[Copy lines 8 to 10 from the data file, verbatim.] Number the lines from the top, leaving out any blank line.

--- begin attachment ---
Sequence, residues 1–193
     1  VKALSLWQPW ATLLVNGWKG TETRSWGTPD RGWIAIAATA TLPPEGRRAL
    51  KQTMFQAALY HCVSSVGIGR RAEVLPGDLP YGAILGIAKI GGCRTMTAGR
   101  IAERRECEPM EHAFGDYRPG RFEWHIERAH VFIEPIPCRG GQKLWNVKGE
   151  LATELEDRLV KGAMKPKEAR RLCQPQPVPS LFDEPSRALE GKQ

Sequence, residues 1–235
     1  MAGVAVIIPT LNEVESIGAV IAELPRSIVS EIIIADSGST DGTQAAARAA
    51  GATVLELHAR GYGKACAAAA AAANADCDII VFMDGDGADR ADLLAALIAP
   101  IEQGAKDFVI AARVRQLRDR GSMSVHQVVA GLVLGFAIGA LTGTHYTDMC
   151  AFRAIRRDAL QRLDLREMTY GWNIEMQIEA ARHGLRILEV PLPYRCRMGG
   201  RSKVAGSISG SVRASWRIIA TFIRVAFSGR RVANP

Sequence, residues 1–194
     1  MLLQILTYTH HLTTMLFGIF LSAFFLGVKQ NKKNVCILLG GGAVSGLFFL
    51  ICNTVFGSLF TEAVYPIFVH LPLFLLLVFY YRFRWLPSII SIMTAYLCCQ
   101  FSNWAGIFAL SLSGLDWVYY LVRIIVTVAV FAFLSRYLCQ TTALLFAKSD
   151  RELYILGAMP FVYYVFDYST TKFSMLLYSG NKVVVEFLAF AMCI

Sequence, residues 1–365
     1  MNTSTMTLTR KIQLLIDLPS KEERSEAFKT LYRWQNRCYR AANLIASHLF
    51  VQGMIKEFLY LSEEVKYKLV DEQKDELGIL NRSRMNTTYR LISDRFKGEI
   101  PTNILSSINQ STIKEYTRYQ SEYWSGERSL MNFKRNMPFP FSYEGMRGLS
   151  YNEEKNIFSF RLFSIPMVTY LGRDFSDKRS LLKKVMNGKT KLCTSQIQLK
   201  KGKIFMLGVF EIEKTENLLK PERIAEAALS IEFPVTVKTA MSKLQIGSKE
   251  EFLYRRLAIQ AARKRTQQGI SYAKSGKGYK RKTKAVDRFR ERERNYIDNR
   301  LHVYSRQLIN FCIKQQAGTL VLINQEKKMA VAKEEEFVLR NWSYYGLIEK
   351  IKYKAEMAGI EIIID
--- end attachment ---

    51  GATVLELHAR GYGKACAAAA AAANADCDII VFMDGDGADR ADLLAALIAP
   101  IEQGAKDFVI AARVRQLRDR GSMSVHQVVA GLVLGFAIGA LTGTHYTDMC
   151  AFRAIRRDAL QRLDLREMTY GWNIEMQIEA ARHGLRILEV PLPYRCRMGG